GBS – General Business
Section 89-t. Definitions.
89-u. Process server records, penalties.
89-v. Enforcement by attorney general.
§ 89-t. Definitions
. For this article, a process server is a person other than an attorney or a party to an action acting on his own behalf who: (a) derives income from the service of papers in an action; or (b) has effected service of process in five or more actions or proceedings in the twelve month period immediately preceding the service in question. A person who serves interlocutory papers upon an attorney or who serves papers on behalf of a federal, state or local governmental agency in the course of his employment by such agency shall not be deemed a process server within the meaning of this article by virtue of such service.
§ 89-u. Process server records, penalties.
1. Each process server shall maintain a legible record of all service made by him as prescribed in this section.
2. The record to be maintained shall include the following information, where applicable:
a. the title of the action;
b. the name of the person served, if known;
c. the date and approximate time service was effected;
d. the address where service was effected;
e. the nature of the papers served;
f. the court in which the action has been commenced;
g. the index number of the action, if known.
3. If service is effected pursuant to subdivisions one, two, or three of section three hundred eight of the civil practice law and rules, the record shall also include the description of the person served, including, but not limited to, sex, color of skin, hair color, approximate age, height and weight and other identifying features.
4. If service is effected pursuant to subdivision four of section three hundred eight of the civil practice law and rules, the record shall also include the dates, addresses and time of attempted service pursuant to subdivisions one, two or three of such section.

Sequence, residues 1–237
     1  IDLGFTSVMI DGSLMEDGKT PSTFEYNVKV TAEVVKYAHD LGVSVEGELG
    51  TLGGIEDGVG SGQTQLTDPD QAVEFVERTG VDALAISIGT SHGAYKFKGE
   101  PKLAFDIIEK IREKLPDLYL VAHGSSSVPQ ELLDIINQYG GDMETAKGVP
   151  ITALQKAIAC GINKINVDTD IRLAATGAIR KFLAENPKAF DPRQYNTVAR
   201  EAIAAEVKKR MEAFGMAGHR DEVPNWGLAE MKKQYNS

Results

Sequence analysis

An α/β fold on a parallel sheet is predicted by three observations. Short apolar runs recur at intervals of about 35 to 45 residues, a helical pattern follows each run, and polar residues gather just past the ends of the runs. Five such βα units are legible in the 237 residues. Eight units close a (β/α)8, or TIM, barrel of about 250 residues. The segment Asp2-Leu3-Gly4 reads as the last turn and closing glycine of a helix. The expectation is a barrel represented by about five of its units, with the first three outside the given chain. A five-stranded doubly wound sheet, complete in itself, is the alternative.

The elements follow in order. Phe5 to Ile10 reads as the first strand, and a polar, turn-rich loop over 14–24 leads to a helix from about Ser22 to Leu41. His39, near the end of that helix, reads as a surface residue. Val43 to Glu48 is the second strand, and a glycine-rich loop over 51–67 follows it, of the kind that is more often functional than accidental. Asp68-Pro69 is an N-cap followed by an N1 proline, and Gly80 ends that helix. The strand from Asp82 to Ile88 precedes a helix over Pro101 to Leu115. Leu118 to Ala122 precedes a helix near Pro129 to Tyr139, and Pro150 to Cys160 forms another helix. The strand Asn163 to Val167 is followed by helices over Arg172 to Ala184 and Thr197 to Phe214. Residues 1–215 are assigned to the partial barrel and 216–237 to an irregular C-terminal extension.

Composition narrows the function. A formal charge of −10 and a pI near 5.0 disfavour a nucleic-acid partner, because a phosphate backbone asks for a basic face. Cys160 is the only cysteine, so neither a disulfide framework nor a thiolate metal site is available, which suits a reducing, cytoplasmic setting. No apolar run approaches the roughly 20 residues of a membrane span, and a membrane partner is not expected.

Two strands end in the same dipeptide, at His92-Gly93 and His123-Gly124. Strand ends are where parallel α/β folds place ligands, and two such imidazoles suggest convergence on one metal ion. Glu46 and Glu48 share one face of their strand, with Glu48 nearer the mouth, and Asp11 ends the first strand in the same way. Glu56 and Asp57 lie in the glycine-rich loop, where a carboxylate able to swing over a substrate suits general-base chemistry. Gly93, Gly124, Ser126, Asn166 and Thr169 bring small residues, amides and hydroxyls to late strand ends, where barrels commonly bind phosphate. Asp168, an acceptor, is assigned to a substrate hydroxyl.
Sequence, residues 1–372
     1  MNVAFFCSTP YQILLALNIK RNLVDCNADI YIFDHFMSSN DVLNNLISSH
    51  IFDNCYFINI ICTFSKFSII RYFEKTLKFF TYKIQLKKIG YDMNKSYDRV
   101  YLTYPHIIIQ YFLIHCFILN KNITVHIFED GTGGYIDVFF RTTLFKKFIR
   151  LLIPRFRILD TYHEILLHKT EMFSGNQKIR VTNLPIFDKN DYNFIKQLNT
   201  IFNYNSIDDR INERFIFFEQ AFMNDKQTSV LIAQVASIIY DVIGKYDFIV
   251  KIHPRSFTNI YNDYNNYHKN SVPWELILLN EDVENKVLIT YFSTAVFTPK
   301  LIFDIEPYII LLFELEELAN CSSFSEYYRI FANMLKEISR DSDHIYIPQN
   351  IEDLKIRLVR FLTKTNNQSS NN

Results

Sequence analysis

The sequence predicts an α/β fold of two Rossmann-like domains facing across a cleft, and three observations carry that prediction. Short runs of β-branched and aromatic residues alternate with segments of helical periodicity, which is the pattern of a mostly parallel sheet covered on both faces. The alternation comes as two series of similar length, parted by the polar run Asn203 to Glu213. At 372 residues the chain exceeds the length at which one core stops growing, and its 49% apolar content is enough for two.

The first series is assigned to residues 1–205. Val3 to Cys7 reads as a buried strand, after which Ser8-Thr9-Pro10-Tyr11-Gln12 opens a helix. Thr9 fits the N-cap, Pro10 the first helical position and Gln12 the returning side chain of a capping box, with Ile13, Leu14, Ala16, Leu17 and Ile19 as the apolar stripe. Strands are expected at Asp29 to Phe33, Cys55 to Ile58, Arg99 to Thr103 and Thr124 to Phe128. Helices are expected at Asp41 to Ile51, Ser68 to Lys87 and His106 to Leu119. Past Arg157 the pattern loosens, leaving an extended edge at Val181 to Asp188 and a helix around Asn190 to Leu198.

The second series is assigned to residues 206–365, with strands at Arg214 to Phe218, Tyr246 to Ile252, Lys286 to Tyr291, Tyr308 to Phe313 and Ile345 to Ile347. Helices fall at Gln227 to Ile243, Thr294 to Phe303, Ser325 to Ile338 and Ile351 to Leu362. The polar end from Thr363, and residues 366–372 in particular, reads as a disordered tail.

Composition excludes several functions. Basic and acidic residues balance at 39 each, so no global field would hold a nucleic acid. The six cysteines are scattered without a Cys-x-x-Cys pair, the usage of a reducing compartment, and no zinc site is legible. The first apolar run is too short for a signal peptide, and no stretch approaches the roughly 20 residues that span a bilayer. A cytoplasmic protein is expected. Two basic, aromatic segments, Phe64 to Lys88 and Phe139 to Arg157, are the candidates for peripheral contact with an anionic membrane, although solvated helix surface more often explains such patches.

5. If the process server files an affidavit of service with the court, his record shall include the date of such filing.
6. Process servers shall retain each record required to be kept under this article for a period of two years from the date of service. Where a process server is employed as a process server by any person, a copy of such records shall also be maintained by such person at his principal office in this state for the same period.
§ 89-v. Enforcement by attorney general.
In addition to the other remedies provided, whenever there shall be a violation of this article, application may be made by the attorney general in the name of the people of the state of New York to a court or justice having jurisdiction by a special proceeding to issue an injunction, and upon notice to the defendant of not less than five days, to enjoin and restrain the continuance of such violations; and if it shall appear to the satisfaction of the court or justice that the defendant has, in fact, violated this article, an injunction may be issued by such court or justice, enjoining and restraining any further violation, without requiring proof that any person has, in fact, been injured or damaged thereby. In any such proceeding, the court may make allowances to the attorney general as provided in paragraph six of subdivision (a) of section eighty-three hundred three of the civil practice law and rules. Whenever the court shall determine that a violation of this article has occurred, the court may impose a civil penalty of not more than one thousand dollars for each violation. Provided, however, a process server or agency may not be held liable for penalty in any action brought under this section for violation of this article, if the process server or agency shows by a preponderance of the evidence that the violation was not intentional and resulted from a bona fide error, notwithstanding the maintenance of procedures reasonably adopted to avoid any such error. Examples of a bona fide error include, but are not limited to, clerical calculation, computer malfunction and programming and printing errors. In connection with any such proposed application, the attorney general is authorized to take proof and make a determination of the relevant facts and to issue subpoenas in accordance with the civil practice law and rules.